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The Art of Charles Vess

14 Oct

Charles Vess is an American fantasy and comics artist who has specialized in the illustration of myths and fairy tales. His influences include British “Golden Age” book illustrator Arthur Rackham, Czech Art Nouveau painter Alphonse Mucha, and comic-strip artist Hal Foster, among others. Charles Vess has been drawing ever since he could hold a crayon. Working in his studio in downtown Abingdon, Virginia, Charles Vess adds a little bit of magic back into the mundane world, drawing pixies, swamp things, goth spirits and fantastical forests. If you’re a comics or fantasy fan, it’s likely that you’re already familiar with the works of Charles Vess, an award-winning artist and illustrator.  His collaborations with authors Neil Gaiman and Charles de Lint, as well as his cover art for Marvel and DC have gained him a passionate following across the world. His award-winning work has graced covers and pages from numerous comic book publishers including The Books of Magic, Sandman and Swamp Thing from DC Comics, as well as Spider-Man from Marvel Comics. He currently concentrates on book illustration, where he continues to win praise and accolades for his unique style. The ultimate testament to his talent came when Vess shared the prestigious World Fantasy Award for Best Short Story with Neil Gaiman in 1991 for their collaboration on The Sandman #19, A Midsummer Night’s Dream.

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The Art of Arthur Rackham

10 Aug

Arthur Rackham has been called ‘the leading decorative illustrator of the Edwardian period’ and is widely acknowledged as one of the most iconic fantasy artists who ever lived. His work has inspired not only other painters but, even more impressively, major writers like J R R Tolkien, C S Lewis and Poul Anderson. Appropriately enough for a fantasy artist, Rackham seemed perfectly in tune with the mythic past and his illustrations of the works of the Brothers Grimm, Hans Christian Andersen and Edgar Allan Poe in particular show him at his most creative and observant. In imagination, draftsmanship and colour-blending, his work has never been surpassed, even by modern day masters such as John Howe and Charles Vess. His deep understanding of the spirit of myth, fable, and folklore seems to have afforded him a transcendent range of expression which has perhaps only ever been equalled by his ‘spiritual son’ Alan Lee. In this post I’ve attempted to showcase some of his best work but it is a mere drop in the ocean of Rackham’s immense talent, which has produced an intimidatingly impressive body of work.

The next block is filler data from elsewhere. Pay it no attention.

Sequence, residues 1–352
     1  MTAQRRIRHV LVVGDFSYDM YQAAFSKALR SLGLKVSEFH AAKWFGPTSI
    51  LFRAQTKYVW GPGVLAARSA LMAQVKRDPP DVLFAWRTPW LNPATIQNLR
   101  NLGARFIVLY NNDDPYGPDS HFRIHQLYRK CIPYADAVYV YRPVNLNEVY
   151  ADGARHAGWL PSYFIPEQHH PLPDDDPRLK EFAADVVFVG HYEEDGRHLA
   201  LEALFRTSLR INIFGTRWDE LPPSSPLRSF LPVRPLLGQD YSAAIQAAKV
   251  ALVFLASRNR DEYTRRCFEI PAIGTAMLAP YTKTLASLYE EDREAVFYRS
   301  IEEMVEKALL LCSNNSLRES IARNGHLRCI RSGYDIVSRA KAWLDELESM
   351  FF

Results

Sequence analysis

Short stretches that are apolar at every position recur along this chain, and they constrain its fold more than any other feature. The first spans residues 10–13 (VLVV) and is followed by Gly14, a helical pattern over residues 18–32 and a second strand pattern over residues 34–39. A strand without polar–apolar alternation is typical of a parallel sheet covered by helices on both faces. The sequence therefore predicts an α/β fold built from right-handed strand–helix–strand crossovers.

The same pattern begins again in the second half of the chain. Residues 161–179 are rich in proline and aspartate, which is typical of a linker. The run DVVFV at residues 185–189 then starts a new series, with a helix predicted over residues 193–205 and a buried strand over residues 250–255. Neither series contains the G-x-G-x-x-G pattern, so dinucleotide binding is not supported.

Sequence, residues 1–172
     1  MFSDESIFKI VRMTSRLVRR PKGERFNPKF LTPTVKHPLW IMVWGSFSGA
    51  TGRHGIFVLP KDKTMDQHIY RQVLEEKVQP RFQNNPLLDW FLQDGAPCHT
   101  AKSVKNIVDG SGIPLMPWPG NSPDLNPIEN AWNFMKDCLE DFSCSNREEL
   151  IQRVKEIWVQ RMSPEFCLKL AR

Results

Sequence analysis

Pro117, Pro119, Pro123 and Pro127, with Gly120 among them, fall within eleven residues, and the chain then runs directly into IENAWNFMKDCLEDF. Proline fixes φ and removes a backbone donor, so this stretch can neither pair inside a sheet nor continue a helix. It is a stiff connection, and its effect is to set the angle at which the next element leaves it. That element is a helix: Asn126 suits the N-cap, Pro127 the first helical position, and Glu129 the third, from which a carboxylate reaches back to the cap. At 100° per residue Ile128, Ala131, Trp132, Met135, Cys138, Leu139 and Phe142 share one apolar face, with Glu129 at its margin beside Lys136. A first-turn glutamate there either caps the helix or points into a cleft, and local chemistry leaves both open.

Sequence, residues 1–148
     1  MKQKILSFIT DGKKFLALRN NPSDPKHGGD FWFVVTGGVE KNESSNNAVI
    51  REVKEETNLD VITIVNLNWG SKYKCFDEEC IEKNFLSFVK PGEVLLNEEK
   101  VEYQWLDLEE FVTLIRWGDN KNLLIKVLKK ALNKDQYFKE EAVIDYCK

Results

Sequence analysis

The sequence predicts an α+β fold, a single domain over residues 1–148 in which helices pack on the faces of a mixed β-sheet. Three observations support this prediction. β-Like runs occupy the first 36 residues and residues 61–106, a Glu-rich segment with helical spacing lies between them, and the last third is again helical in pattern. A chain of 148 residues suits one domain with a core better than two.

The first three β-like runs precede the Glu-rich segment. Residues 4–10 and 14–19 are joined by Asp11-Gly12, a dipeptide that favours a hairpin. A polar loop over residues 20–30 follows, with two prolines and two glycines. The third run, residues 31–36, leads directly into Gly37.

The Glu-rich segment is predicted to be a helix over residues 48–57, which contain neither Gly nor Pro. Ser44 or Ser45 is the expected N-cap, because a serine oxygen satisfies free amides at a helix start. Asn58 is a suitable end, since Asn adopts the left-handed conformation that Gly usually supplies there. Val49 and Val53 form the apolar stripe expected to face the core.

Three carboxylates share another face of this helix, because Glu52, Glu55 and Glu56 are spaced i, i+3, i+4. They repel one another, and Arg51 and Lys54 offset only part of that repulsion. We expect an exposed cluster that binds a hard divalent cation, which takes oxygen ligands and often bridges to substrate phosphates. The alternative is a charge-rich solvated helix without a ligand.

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The Art of Alan Lee

15 Dec

I appreciate fantasy artwork both for its aesthetic merits and for its importance to selling fantasy novels. They say you should never judge a book by its cover but I will freely admit that there has been more than one occasion on which I have been drawn to read or buy a book because of a spellbinding illustration on the cover that has made me just itch to find out more. Some illustrators have become as synonymous with certain writers’ work as the words themselves – it is difficult to imagine Alice in Wonderland without John Tenniel’s iconic sketches, Dickens and Phiz go together like salt and vinegar, and even today most editions of C S Lewis’s Narnia novels are adorned with the illustrations of Pauline Baynes. Perhaps the most perfect example as far as fantasy novels go of an author and illustrator being artistic soul-mates is that of Alan Lee and J R R Tolkien.

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